by Hans Tesselaar, Executive Director of BIAN
Publication: Business Value Exchange
With the global financial crisis rocking the foundations of the financial sector in 2008, scandals impacting trust in the system, smartphone dependence surging and FinTech newcomers taking advantage of all of the above to challenge the industry, it’s no surprise that traditional banks are feeling the strain.
In times gone by, the banks sat comfortably in their dominant position. Customers were happy to carry on banking the way they always had done and banks were more than happy to provide that same familiar, traditional service. But against a background of disruptive technology, such stagnation is no longer in line with the demands of today’s banking customers. Well aware of the need for innovation, banks have tried to adapt fast – layering new technology on top of existing systems. The problem: banking IT architecture was developed in a pre-internet era. It cannot cope with the demands of modern banking and only serves to become a vaster tangled web of systems and updates as new technology is layered on top.
As a consequence, many banks have suffered reputation damaging IT outages – leaving customers unable to access their online accounts or make digital payments. However, if banks were to try and completely overhaul their systems in one go, the situation would be much the same. Such an overhaul would likely put some banking operations temporarily on hold, while costing many millions.
These growing issues led to the development of the Banking Industry Architecture Network (BIAN) in 2008. The not-for-profit comprised of banks, technology experts and academic partners, have since worked to develop an internationally standardised architecture design to be put into practice at banks across the globe.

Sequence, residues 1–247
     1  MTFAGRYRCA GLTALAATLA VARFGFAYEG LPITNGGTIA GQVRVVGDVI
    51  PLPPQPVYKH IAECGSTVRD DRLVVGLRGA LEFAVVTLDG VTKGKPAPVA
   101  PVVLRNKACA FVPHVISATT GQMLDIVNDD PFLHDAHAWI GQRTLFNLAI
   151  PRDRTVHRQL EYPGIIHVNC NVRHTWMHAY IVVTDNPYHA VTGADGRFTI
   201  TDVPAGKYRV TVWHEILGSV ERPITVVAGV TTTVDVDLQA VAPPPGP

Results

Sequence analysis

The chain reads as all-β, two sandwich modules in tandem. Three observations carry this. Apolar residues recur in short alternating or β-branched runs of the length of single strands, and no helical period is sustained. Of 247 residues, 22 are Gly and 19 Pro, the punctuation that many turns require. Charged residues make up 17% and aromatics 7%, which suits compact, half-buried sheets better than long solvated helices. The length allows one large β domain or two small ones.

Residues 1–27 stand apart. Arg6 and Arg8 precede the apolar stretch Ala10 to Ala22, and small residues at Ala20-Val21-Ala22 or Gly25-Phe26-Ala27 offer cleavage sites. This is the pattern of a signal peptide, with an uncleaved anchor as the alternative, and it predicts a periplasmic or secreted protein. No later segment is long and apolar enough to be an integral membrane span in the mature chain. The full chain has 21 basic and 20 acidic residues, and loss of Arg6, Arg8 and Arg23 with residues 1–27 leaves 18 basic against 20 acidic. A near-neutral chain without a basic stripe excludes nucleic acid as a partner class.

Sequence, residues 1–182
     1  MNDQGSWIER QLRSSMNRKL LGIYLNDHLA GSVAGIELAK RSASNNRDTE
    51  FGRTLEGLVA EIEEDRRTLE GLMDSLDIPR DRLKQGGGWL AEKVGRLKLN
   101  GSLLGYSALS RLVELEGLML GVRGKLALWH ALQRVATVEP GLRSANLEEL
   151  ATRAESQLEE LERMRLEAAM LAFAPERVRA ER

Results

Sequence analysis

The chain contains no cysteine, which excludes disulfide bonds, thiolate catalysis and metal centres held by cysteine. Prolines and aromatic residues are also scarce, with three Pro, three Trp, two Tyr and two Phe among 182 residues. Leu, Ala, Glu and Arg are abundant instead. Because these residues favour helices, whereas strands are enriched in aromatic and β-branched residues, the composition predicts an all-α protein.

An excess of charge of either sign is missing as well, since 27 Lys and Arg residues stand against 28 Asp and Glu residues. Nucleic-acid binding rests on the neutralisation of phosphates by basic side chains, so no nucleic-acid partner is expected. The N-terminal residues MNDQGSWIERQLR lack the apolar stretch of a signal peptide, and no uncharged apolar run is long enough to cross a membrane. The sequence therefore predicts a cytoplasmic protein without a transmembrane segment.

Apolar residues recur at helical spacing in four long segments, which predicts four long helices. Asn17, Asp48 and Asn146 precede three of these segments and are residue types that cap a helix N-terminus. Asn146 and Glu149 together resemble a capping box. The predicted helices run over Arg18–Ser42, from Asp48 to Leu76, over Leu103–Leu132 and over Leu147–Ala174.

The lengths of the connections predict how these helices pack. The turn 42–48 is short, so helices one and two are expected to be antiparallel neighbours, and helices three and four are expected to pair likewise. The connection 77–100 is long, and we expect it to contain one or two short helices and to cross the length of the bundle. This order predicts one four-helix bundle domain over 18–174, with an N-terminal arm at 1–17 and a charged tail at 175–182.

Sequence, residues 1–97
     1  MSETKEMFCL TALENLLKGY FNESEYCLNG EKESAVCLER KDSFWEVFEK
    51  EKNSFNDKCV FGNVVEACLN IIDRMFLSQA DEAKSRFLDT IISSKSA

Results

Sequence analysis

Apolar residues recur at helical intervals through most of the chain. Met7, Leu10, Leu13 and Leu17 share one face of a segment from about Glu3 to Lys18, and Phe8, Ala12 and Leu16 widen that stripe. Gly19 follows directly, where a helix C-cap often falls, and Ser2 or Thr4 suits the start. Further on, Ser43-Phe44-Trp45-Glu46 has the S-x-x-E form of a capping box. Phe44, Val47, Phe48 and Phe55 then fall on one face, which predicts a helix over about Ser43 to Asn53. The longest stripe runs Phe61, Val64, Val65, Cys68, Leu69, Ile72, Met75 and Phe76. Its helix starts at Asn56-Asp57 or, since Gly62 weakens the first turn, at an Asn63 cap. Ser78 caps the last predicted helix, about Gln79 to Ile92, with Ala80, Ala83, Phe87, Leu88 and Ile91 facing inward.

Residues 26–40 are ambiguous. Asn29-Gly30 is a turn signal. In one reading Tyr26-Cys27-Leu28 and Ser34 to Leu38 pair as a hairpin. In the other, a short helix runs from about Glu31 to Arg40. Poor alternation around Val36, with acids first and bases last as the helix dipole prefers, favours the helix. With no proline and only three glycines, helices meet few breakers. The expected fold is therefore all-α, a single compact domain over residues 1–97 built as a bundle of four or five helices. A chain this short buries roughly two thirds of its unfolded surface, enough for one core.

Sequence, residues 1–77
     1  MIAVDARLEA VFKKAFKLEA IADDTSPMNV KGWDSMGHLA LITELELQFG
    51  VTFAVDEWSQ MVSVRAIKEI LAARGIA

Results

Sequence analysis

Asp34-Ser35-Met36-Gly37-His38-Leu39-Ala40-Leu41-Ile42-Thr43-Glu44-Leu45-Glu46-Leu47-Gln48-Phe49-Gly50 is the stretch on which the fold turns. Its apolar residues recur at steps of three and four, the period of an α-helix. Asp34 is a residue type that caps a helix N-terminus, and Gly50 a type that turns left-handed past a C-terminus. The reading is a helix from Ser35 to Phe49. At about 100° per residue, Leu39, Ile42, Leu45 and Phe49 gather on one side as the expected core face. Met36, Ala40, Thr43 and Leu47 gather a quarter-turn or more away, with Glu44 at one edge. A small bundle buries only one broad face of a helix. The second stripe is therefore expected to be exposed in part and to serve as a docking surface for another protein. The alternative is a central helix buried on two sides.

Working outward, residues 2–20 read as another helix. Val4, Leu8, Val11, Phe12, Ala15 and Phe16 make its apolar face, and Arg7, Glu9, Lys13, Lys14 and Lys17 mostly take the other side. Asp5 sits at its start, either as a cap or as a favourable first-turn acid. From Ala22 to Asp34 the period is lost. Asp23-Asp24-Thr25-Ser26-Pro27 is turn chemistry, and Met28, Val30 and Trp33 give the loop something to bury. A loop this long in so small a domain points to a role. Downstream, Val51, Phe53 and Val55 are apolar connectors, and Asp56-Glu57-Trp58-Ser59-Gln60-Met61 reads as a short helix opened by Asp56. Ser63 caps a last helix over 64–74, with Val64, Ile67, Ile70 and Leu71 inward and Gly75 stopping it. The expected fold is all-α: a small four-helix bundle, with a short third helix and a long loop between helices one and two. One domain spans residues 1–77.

The network recently finalised this model, named Service Landscape 4.0. The framework defines the standard business capabilities that make up a bank, such as payments, loans or trading facilities and groups them into service domains. By identifying more than 2000 information dependencies between them (known as Service Operations), the model categorises business operations and their subsequent technology requirements. This allows for grouped updates on systems, rather than taking a broad brush approach that disrupts the whole core banking system.
With banks facing pressure from numerous directions at present, they are beginning to understand that competing on core banking functionality is not the way to a successful future. By working together to define the future of their core banking architecture and build a standardised model across the industry, banks can concentrate on competing in the areas that matter, such as providing an improved service to customers.